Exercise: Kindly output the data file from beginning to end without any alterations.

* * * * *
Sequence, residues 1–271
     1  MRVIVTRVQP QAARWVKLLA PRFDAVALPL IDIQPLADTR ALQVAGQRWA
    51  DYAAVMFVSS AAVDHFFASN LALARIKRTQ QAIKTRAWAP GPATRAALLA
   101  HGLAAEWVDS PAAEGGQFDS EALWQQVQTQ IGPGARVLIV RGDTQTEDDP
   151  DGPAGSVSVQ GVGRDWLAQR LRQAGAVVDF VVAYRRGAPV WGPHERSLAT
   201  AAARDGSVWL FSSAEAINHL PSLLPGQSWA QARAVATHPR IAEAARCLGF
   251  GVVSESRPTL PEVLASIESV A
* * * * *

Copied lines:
Sequence, residues 1–271
     1  MRVIVTRVQP QAARWVKLLA PRFDAVALPL IDIQPLADTR ALQVAGQRWA
    51  DYAAVMFVSS AAVDHFFASN LALARIKRTQ QAIKTRAWAP GPATRAALLA
   101  HGLAAEWVDS PAAEGGQFDS EALWQQVQTQ IGPGARVLIV RGDTQTEDDP
   151  DGPAGSVSVQ GVGRDWLAQR LRQAGAVVDF VVAYRRGAPV WGPHERSLAT
   201  AAARDGSVWL FSSAEAINHL PSLLPGQSWA QARAVATHPR IAEAARCLGF
   251  GVVSESRPTL PEVLASIESV A